When your Drill Batteries fail?

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Forum topic by thudpucker posted 01-26-2011 06:15 AM 1276 views 1 time favorited 7 replies Add to Favorites Watch
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35 posts in 3958 days

01-26-2011 06:15 AM

Topic tags/keywords: drill-driver

I have a collection of Drill batteries that wont take a charge or wont hold a charge very long.
These are all the “SUB C” rechargeable’s.

You can find these on Ebay.
My 14.4 Sears Battery would cost about $45 for batteries, shipping etc.
A new one is nearly $85.

So, have any of you been successful at replacing your own “Sub C” batteries?

I want to hear from everybody who’s had experience with the project.

7 replies so far

View ichbinpete's profile


110 posts in 3229 days

#1 posted 01-26-2011 07:09 AM

Not sure what Sub C is, but I came across this article for “reviving” nicads

Reviving NiCad Batteries

-- It is better to keep your mouth shut and appear stupid than to open it and remove all doubt.

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35 posts in 3958 days

#2 posted 01-26-2011 07:33 AM

Sometimes that works. He’s putting a alternating current across those batteries to destroy the “chemical Memory” of the Nicad’s.

That might work if all the NiCads have the same chemical memory.
In a battery that fails. most of the Cells will be OK, it’s just one or a few that drag the others down.
I’d like to find the ‘bad guys’ and replace them.

View William's profile


9950 posts in 3380 days

#3 posted 01-26-2011 03:06 PM

I tried the reviving method pointed to above. It works sometimes. I have spent a small fortune in the past replacing batteries. The exact problem you have is what has made me swear off cordless tools. I have two drills left. When they die, that’s it. I have mounted a multiplug on my table so I can use mutliple drills (corded). I’m sick of spending more on batteries in the long run than what the original drill cost.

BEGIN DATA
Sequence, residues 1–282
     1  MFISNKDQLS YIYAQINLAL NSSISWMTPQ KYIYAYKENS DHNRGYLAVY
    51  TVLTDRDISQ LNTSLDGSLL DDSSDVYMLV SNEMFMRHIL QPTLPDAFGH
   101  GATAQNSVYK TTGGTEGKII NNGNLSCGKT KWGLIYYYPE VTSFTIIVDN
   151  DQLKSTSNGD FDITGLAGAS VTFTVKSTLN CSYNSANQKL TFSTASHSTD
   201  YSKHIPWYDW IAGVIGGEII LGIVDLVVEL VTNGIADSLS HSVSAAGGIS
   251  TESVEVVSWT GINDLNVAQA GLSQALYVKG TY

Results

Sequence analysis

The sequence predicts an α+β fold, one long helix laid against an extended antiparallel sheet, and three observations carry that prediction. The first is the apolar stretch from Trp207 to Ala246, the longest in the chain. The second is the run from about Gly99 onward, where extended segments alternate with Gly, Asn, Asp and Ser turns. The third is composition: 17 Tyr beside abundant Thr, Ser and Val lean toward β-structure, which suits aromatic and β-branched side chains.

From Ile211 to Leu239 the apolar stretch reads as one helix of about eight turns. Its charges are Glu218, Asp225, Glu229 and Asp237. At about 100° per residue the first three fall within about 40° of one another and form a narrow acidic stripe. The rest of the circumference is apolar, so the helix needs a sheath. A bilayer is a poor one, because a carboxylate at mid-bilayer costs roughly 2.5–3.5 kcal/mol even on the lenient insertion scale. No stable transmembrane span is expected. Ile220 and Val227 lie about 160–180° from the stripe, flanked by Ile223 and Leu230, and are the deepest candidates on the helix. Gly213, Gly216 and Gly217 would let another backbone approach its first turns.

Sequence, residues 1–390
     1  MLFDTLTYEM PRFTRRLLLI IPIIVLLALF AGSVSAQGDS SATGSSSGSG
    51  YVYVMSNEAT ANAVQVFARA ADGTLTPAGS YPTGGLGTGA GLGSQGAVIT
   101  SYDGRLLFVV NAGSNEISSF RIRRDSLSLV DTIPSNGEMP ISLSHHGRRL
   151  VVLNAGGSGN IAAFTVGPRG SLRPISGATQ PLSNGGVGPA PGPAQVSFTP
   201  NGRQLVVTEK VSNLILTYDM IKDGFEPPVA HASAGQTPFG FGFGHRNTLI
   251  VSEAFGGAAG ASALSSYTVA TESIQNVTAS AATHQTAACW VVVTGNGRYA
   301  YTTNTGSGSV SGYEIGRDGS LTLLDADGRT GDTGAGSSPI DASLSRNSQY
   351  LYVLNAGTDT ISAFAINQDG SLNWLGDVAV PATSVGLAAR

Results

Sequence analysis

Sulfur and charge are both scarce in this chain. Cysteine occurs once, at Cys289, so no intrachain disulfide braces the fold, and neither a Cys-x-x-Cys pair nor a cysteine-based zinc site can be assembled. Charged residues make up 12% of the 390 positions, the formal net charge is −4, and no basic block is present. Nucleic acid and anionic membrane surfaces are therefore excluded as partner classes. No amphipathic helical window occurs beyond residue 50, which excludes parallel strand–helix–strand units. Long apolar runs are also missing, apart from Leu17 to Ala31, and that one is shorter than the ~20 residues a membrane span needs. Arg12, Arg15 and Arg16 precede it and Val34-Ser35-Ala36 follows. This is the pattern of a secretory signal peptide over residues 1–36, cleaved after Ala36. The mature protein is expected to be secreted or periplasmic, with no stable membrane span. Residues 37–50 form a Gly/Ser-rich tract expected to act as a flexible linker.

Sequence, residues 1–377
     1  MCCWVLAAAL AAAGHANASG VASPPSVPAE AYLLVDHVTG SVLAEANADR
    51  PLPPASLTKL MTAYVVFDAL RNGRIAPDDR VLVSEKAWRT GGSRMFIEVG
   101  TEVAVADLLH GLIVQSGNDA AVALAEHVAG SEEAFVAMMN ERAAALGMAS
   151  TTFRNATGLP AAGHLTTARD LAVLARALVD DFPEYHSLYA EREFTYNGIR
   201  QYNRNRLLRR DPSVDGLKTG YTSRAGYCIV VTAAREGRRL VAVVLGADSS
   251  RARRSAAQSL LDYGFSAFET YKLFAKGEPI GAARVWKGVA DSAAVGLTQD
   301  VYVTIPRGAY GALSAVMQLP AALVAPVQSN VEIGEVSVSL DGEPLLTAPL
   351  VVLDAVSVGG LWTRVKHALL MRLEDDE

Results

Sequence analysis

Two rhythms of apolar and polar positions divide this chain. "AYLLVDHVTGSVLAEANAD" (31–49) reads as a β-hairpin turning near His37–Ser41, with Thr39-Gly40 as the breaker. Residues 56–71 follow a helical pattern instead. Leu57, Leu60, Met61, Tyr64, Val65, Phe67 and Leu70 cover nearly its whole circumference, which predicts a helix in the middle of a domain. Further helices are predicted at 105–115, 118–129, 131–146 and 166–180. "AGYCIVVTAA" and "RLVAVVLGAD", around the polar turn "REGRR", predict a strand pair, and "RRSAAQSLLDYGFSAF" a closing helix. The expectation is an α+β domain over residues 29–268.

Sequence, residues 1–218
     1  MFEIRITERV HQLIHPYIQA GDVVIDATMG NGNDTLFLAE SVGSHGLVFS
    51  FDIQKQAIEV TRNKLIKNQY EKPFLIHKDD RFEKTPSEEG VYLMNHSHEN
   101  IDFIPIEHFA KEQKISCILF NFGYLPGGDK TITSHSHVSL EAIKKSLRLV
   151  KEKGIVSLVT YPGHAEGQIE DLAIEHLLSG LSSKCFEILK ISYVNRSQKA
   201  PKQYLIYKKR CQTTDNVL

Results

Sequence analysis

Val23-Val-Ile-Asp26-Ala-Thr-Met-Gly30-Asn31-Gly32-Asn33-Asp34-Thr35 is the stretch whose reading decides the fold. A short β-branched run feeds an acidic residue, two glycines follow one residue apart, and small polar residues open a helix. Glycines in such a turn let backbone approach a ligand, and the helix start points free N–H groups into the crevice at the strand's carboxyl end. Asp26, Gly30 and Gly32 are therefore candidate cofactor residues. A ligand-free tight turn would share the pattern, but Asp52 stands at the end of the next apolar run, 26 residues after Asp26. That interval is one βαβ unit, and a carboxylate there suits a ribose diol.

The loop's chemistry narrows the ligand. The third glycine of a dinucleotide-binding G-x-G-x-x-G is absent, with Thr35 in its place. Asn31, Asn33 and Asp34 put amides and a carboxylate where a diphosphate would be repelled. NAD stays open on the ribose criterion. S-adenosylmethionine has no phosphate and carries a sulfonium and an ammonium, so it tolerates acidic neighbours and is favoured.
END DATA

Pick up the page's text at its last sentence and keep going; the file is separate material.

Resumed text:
View Florida_Jim's profile


83 posts in 3415 days

#4 posted 01-26-2011 03:35 PM

My local Batteries plus store will rebuild batteries with a higher A/H rating. Costs are about 2/3 of factory batteries. I had them do my 18V dewalt ones. I’m very happy with the results.

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35 posts in 3958 days

#5 posted 01-26-2011 03:41 PM

I had these Sears batteries rebuilt about 2 years ago and they were good for some time.
suddenly….one was a little bit bad then the other. It’s all down hill from then as the one cell drags the others down repeatedly and often.

Our ‘Batteries plus’ went broke and dissapeared.

View grizzman's profile


7836 posts in 3841 days

#6 posted 01-26-2011 04:27 PM

yea my milwaukee that i bought a year ago isnt doing too good…it even has the new ion lithium batteries…after reading williams post…i was thinking how many times do i need a cordless drill…i rarely need a drill where i dont have power…and i to am sick and tired of buy new batteries that almost cost what the new drill was…so im going to start using a good key less chuck drill and be done with this mess….thanks william for making me see the light here…these tool makers sure do rip you off in certain areas…and drills is one of them i think…those batteries dont cost anywhere what they charge…but thats said of a lot of things…but in this case making a change over is doable and i can afford it…

-- GRIZZMAN ...[''''']

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51276 posts in 3673 days

#7 posted 01-26-2011 06:20 PM

They started this with printers & ink. It’s cheaper to buy a new printer, than buy ink for it…

They think just getting you hooked on being cordless you’ll pay the price for batteries…

It’s called the throw away society…

-- Rick

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